The
Future
of
Human
itarian
Aid
#HuCo2019
Vienna
29/03/2019
Slider

Violence in the Middle East – No Space for Humanitarians?

Keynote Speech:

Karin Kneissl Journalist, Lecturer, Analyst

Moderator:

Walter Posch National Defence Academy NDA, Vienna

Panel members:

Frances Charles Advocacy Director, World Vision Syria Response
Karin Kneissl Journalist, Lecturer, Analyst
Omar Nuseir Deputy Director / Senior Coordinator, Humanitarian Relief Coordination Unit,
Ministry of Planning and International Cooperation, Jordan
Mark Ohanian Director of Programs, International Orthodox Christian Charities (IOCC)

European geopolitics in the 20th century in the wider Middle East region contributed to a lot of overall instability: parts of the Middle East were carved up, which required artificial borders and the support of leaders that could be bought and influenced by external powers. Supporting authoritarian regimes was seen as a useful tool to safeguard foreign interests, ignoring the fact that people in the region were suffering and losing out.

In the 21st century we see similar patterns: many of the countries in the Middle East have lived through periods of political instability, conflict and full-fledged wars as now in Syria, and Iraq. Violence and sabotage hinder the revival of shattered economies; corruption and smuggling have crippled exports; radical armed fractions terrorize civilians; hundreds of thousands have fled as the provision of basic services and security for huge parts of the population is unaddressed by fragile governments, and regional conflicts have a high risk of spilling over.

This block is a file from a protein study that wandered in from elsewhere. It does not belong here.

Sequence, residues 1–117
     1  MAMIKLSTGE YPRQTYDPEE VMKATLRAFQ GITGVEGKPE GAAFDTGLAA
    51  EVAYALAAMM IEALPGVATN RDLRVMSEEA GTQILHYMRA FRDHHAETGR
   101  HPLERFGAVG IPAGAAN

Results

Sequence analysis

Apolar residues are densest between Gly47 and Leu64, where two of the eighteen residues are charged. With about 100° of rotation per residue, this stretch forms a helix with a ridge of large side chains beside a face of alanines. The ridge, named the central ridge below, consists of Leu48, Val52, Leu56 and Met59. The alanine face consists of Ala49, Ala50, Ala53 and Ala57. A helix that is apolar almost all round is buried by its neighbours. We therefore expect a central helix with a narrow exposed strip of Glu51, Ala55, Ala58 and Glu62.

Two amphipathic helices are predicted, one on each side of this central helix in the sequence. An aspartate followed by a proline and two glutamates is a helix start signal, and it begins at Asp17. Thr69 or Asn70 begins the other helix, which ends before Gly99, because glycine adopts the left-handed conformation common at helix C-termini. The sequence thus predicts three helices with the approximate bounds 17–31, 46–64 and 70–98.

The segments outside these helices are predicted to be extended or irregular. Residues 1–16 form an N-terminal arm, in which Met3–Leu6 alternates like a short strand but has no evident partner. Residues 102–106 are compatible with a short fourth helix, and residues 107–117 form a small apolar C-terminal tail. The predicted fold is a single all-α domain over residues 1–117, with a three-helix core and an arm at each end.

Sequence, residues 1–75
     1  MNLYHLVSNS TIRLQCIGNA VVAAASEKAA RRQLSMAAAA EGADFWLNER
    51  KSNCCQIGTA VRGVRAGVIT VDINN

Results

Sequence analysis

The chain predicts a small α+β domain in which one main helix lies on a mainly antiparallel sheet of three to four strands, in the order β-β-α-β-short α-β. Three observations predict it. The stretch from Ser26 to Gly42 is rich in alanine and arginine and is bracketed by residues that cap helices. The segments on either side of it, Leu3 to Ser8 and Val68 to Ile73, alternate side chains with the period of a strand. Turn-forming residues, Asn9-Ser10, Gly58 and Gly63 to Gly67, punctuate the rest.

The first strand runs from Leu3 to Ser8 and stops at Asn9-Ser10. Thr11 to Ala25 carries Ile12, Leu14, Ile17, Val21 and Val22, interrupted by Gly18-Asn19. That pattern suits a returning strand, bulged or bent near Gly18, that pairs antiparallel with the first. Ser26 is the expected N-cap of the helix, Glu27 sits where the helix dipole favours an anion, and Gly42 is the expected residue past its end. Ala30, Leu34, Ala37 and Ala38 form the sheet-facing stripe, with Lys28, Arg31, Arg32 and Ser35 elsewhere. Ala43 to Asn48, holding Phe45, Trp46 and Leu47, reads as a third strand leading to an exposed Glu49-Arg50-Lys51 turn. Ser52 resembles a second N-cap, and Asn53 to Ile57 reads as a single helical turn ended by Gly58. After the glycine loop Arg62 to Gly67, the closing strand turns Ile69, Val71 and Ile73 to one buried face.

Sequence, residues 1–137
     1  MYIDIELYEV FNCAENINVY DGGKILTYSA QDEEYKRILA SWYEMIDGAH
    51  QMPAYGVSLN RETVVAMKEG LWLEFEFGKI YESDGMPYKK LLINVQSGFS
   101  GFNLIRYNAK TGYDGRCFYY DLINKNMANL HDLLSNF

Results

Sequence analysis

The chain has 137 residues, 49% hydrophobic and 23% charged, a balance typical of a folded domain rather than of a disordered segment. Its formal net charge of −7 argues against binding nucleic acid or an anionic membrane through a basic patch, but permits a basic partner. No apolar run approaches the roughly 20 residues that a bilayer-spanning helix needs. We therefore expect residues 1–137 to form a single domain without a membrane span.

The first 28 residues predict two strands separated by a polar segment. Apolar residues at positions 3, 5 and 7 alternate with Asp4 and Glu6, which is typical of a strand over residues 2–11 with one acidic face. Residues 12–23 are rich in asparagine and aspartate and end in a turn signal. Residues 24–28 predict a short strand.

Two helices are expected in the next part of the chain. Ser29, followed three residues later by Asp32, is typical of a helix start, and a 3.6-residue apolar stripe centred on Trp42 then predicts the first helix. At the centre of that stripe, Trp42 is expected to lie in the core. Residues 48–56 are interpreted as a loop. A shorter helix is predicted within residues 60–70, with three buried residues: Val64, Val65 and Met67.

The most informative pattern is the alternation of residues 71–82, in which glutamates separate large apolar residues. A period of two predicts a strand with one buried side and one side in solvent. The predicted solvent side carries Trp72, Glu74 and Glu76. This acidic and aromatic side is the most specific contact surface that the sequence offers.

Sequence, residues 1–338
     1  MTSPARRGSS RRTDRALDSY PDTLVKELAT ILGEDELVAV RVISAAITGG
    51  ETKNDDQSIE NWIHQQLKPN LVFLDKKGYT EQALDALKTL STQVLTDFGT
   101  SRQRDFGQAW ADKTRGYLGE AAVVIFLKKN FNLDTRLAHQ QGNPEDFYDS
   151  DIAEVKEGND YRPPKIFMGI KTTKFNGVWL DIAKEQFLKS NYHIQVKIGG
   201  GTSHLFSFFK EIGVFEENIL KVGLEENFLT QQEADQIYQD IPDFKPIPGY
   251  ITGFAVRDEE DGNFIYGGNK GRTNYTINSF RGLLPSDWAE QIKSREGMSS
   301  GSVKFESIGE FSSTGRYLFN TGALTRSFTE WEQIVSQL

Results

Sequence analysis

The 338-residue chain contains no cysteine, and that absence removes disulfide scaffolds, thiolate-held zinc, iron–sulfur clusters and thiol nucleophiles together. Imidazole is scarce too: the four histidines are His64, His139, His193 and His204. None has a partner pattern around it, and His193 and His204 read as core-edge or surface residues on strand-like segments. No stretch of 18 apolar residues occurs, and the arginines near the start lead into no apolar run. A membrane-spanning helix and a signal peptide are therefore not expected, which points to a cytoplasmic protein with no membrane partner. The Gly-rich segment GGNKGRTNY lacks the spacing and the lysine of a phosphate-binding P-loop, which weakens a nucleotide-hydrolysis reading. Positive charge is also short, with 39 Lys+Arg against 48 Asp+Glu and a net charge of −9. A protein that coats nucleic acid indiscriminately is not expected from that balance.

The Middle East remains one of the world’s political and humanitarian hotspots. The recent scale of displacement resulting from the Syrian crisis has a tremendous impact on the region, and specifically on Iraq. In 2014, Syria’s neighbouring countries and particular Iraq’s Kurdistan Region have seen a continuous influx of Syrian refugees, and millions of IDPs are on the run in their own countries. The humanitarian consequences of a protracted displacement, as well as the on-going violence and instability in Syria and the region, are resulting in a major humanitarian catastrophe.
What does this political failure imply if the basic means of a decent human life, which acknowledges the distinctive culture, history and basic rights are denied to hundreds of thousands of people affected by instability and conflict? Where is a way out? Where to start with? Is there any hope?